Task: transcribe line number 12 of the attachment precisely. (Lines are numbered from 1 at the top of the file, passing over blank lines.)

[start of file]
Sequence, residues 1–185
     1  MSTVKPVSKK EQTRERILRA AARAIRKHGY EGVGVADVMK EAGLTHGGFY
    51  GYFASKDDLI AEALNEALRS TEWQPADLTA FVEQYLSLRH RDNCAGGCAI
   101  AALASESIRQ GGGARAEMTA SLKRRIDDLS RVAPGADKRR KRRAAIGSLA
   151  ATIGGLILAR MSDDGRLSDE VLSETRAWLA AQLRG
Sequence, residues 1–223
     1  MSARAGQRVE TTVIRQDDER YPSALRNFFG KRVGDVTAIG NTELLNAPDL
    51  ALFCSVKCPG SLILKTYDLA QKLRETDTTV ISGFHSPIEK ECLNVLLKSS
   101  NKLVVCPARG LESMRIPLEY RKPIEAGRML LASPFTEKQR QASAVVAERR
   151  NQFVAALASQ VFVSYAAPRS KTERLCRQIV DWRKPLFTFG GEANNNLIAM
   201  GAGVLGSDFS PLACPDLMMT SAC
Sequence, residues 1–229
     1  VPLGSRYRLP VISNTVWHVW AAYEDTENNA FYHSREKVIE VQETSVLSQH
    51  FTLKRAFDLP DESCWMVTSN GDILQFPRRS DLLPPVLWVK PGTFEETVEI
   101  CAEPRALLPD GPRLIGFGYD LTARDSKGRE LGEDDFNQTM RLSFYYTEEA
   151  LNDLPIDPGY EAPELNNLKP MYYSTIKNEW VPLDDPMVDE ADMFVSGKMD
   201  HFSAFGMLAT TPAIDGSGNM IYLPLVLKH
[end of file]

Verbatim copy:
Sequence, residues 1–229